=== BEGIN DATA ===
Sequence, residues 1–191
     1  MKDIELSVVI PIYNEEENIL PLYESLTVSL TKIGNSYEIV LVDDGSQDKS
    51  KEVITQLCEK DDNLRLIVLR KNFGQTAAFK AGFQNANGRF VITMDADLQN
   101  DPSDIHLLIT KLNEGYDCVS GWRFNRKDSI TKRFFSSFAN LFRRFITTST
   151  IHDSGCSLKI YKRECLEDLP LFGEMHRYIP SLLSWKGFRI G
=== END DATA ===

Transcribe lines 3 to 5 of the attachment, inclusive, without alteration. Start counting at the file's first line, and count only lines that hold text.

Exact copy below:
    51  KEVITQLCEK DDNLRLIVLR KNFGQTAAFK AGFQNANGRF VITMDADLQN
   101  DPSDIHLLIT KLNEGYDCVS GWRFNRKDSI TKRFFSSFAN LFRRFITTST
   151  IHDSGCSLKI YKRECLEDLP LFGEMHRYIP SLLSWKGFRI G